When you stop and look at your past, two things can happen and neither of them are good. The first is to suddenly realize what has been lost. For every decision made, a thousand were discarded and, at least in the imagination, everything became better. The second – slightly less spectacular but equally tragic – is to simply recognize that, despite everything, there is always the possibility of regret. Which is not a small thing. And even forgiving yourself. That’s a lot. The sun of the future It is the special and very unique way in which Nanni Moretti, a director who has been telling us his things for 50 years, looks at his life from the height of 70 years and takes more than just stock, he forgives himself. Yes, a thousand Battles were lost, the director says to himself, but there were at least a thousand battles shared. And lest there be any doubt, he closes the film with a parade of all (or almost) of the actors and colleagues who have accompanied him from the beginning. The strange thing is that what on paper seems like a simple exercise in narcissism (or even, more violently, masturbation) ends up being a shared adventure. Yes, and as strange as it may sound, all of us Moretti viewers ended up becoming a part of him too, although perhaps without his bad mood.
Moretti appears in his new work and in the viewer’s memory, the Italian director he is today shakes the hand of the one he was in 1993, when he made Caro Diario much more than just a simple autobiographical film (in truth, they are everything). ). This was a Vespa meditation on Rome, life, skin cancer and the skin of the cinema. The filmmaker offered himself as a victim in front of an audience with which he completely identified a pessimistic, funny and excessively hypochondriacal guy. So different from us that you could call it identical.
Now tells the story of a director determined to make a musical about the historical moment when everything was about to change. The year is 1956 and the Italian Communist Party (the only one in Europe) is rising up against the Soviet invasion of a Hungary that opposes Stalinism. It was, in Moretti’s ideology, the moment when everything was decided. The loss of this battle meant the loss of all others. Moretti talks about the left in general, but if you push him a little, he also talks a little about all of us. Maybe at some point we could have been better than we are, and if we look closely, we failed. But be that as it may, we are still here, aware of our every mistake and as remorseful and defeated as, most importantly, alive.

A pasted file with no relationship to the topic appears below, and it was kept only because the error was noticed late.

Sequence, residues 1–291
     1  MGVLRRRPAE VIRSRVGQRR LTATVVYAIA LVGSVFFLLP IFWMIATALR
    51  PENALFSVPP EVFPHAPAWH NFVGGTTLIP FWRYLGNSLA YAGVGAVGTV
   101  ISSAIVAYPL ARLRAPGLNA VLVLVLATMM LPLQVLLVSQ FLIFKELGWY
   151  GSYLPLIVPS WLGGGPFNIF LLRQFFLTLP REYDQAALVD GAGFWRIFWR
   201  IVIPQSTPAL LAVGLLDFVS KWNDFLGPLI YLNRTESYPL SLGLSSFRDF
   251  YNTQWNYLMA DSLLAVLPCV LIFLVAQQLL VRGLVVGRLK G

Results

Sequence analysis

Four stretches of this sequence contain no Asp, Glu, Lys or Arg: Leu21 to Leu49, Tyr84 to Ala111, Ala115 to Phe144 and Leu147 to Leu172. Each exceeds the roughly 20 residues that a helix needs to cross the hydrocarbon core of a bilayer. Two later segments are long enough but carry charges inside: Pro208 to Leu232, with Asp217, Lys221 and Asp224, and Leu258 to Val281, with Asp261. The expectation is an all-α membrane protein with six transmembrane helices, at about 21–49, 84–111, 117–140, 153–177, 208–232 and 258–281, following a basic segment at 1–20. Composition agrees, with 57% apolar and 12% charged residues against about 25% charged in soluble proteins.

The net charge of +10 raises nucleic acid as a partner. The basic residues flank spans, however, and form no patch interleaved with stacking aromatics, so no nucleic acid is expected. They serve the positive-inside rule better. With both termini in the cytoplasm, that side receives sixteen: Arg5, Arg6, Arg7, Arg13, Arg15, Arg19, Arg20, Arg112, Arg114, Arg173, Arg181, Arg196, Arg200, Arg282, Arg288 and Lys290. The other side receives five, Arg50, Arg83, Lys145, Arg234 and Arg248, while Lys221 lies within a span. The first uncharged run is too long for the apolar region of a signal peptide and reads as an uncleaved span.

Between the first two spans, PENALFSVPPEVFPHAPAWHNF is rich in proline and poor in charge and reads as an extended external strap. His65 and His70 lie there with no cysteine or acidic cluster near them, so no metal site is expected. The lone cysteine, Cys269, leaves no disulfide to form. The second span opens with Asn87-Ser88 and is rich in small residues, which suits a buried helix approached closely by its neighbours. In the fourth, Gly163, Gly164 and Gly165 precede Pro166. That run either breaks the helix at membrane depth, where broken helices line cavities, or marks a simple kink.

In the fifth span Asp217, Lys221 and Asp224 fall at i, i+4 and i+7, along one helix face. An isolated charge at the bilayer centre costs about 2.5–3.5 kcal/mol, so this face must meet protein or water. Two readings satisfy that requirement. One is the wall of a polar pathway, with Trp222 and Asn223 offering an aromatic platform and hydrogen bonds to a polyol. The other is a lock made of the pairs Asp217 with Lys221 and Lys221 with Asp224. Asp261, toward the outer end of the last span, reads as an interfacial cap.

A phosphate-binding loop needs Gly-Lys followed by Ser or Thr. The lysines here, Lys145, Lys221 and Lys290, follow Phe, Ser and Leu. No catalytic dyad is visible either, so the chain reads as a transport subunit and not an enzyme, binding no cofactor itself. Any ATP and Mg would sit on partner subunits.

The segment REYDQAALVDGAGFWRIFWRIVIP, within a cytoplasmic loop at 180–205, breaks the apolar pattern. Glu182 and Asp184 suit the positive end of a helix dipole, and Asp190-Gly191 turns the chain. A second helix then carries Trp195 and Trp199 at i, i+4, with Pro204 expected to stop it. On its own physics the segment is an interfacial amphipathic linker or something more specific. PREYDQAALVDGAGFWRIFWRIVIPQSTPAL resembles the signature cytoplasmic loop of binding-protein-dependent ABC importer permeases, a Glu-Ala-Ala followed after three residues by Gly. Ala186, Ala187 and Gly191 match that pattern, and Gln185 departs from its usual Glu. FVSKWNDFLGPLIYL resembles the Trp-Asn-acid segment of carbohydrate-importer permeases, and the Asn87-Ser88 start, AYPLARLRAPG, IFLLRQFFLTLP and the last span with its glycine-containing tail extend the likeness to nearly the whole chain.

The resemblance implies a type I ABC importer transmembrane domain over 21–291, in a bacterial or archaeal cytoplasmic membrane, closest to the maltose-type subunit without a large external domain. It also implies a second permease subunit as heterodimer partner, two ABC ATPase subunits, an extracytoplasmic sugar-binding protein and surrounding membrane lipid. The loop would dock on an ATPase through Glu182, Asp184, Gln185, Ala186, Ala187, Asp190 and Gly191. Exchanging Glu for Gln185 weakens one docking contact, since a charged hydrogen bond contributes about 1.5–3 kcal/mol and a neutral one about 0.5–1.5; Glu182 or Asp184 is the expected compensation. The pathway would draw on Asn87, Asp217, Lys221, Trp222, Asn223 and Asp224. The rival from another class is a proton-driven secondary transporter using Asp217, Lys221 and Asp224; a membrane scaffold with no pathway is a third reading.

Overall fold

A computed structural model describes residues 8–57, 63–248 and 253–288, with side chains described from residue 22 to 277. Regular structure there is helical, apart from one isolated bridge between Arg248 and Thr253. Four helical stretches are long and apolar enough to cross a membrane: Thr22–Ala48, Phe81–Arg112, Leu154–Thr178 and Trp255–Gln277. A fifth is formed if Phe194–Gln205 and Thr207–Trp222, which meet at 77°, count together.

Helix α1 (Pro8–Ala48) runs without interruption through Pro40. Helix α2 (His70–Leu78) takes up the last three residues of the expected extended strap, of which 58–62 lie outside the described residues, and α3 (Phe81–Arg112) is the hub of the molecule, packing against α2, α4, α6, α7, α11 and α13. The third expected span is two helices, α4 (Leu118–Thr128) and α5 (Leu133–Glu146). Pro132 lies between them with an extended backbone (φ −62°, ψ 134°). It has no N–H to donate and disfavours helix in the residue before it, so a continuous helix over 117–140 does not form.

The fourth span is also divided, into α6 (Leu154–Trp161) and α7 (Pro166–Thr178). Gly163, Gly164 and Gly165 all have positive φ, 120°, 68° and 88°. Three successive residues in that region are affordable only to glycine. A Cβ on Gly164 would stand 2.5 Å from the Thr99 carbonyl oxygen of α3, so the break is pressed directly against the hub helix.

Let’s say that suddenly Moretti goes to Ser Moretti, the Moretti we remembered, the Moretti that turned into a part of the retina of each of us. Moretti meets Moretti and the cinema becomes the scene of a dream as hard, real and funny as any hard, real and funny vigil. Let’s assume that things have suddenly changed radically. The protagonist separates from his wife; The protagonist doesn’t know how to cope with Netflix (great WTF moment), and when the time comes, the protagonist even dances. Yes, Moretti is dancing. But in reality everything is still in the same place as always, in this strange, recognizable space where each of us can be a moody and sad Italian.
The trick is brilliant, to say the least: Cinema within a cinema where life looks at itself. It’s not the first time this has happened in the viewer’s filmography, but that’s exactly the point, that everything is as it once was. And so on until a state of mind that is as deeply melancholic as it is enlightening is achieved. Even warm. The 30 years that have passed for the protagonist have ultimately taken their toll on everyone. But it is also true that the new proposal comes with an unwelcome guest. What in the past was shamelessness, brutal exhibitionism, sincerity without an ounce of deceit; Well, maybe being complacent becomes overwhelming over time. We knew that Moretti’s ego was unbeatable, and the fact that he was also somewhat burdensome leaves us a little frozen. Moretti is aging and we are aging with him.
Be that as it may, Moretti is here and, as I said, his forgiveness belongs to us too.